After three years of discussion, two legislative task forces, two independent task forces, a couple of successful bills and others that didn't pass muster after lengthy debate, school fees in Utah are right where they were.

Parents will continue to pay fees levied in their districts and the districts will bear the costs of waivers to students who cannot afford the fees, unless recommendations of a legislative panel are ignored by the full body. Many of Utah's school districts, knowing there will be no financial relief from the Legislature, will likely examine programs - particularly those considered to be "extracurricular" - more closely, and some may be dropped.The most recent legislative task force reported Wednesday to the Legislature's Education Interim Committee that it could find no solution to the thorny fees issue, being hamstrung by a 3rd District Court ruling.

The decision by Judge John Rokich effectively tied the hands of the Legislature to do anything to address the problems of escalating fees that are out of control in some districts, or the issues surrounding fee waivers, Rep. Rob Bishop, R-Brigham City, told the committee.

Many school districts depend on the income from fees for such vital things as textbooks, as well as extracurricular activities. Abuse of the provisions in many districts led to the lawsuit that precipitated Rokich's ruling. The judge demanded that districts comply to the letter of the school-fees laws. The ruling created havoc in many school districts that had come to rely on the school-fees income.

The task force conclusion was that "school districts that failed to obey the laws regulating fees created their own problem, and now they can resolve it," Bishop said. Wednesday was the last day in the Legislature for the former House speaker, and he noted it was a frustrating way to end his 16-year career in the House.

"This is the most irritating issue I have dealt with as a legislator," Bishop said in a meeting of the task force Tuesday. Several potential remedies the task force attempted ran into conflict with the court injunction.

"The judge has carved out three years of control over this issue," said Bishop, referring to the judge's decision to maintain oversight for three years. He said the judge had effectively set policy to which the Legislature must acquiesce or face additional litigation.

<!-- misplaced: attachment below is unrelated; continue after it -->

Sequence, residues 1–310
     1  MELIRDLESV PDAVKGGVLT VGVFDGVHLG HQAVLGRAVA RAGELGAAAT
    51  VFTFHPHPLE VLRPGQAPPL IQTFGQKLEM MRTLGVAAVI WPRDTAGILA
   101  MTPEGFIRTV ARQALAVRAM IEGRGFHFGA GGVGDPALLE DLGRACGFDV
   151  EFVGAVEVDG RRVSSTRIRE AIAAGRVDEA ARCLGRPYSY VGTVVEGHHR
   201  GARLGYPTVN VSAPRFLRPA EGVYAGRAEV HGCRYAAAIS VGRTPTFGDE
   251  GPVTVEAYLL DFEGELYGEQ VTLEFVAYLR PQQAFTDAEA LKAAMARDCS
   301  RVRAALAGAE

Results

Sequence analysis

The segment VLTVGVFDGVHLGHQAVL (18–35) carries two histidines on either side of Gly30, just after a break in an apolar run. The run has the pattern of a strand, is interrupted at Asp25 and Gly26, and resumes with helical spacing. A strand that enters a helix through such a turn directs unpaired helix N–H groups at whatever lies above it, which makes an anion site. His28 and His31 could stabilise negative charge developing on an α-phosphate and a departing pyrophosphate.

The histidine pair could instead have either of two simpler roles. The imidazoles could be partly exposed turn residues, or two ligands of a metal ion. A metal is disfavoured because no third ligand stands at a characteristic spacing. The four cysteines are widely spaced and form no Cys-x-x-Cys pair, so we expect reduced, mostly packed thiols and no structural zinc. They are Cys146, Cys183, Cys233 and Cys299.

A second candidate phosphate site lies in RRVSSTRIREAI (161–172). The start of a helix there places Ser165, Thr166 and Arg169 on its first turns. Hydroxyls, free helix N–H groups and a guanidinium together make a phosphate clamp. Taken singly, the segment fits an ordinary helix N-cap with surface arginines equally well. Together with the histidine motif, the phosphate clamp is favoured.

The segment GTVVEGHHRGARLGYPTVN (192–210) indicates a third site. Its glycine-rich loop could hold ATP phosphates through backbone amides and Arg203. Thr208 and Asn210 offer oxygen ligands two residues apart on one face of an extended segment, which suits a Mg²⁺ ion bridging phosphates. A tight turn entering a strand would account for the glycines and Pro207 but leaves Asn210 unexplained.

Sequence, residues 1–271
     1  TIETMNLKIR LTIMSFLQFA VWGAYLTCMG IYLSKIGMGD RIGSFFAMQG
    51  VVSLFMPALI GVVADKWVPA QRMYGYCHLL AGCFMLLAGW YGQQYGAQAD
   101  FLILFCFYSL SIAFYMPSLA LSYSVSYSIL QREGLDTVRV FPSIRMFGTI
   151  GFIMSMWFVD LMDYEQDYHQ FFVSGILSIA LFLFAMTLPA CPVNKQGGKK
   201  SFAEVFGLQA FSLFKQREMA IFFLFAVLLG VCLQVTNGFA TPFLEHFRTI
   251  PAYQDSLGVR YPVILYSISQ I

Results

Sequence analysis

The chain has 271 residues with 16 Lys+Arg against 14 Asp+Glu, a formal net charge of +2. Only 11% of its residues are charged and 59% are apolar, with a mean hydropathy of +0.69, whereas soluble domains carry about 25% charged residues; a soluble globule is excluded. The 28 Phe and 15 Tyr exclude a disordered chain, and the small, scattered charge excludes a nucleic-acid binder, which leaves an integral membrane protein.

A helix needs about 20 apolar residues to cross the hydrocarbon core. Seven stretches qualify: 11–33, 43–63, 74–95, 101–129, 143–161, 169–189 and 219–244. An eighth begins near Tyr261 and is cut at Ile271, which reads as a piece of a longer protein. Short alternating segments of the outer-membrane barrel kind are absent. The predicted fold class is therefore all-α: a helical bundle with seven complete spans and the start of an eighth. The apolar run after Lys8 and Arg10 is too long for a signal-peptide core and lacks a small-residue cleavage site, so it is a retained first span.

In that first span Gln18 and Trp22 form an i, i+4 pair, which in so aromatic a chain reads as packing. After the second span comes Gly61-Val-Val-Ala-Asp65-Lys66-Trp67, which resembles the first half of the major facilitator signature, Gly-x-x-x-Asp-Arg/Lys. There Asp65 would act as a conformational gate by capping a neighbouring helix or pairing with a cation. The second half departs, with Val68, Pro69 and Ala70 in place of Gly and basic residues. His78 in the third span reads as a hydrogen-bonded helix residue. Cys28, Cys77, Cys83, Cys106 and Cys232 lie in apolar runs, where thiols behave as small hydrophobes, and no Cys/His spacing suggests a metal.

School officials tried to remind the task force that it was the Legislature that opened the door to prob-lems with fees when it amended the Utah Constitution in 1986 to allow schools to charge students to participate in school activities in grades 7-12. It also was the Legislature that demanded waivers for children who can't afford the fees. The judge simply demanded compliance with the provisions, they said.

The task force members responded that it was the duty of the State Office of Education to monitor compliance with the fee requirements.

"Don't you have any control over what the districts are doing?" asked Sen. David Watson, R-St. George, co-chairman of the task force. He said the judicial branch of government had seriously trampled on the prerogatives of the legislative branch in this instance.

State Superintendent Scott W. Bean said the state office had been working with districts for several years to clarify fee issues and bring them into conformity. The office tried to discourage a lawsuit but could not get Utah Legal Services to hold off, he said.

Lawsuits had been threatened in "20 to 30" of the districts, and consolidating them into one suit against the state office was the wisest approach, said John Mc-Allister. The costs of litigation in several districts could have been enormous, since the districts do not enjoy immunity from damages if they lose cases.

Obviously irritated task force members were unhappy that the Legislature had been excluded from any participation in the lawsuit, even in an advisory capacity.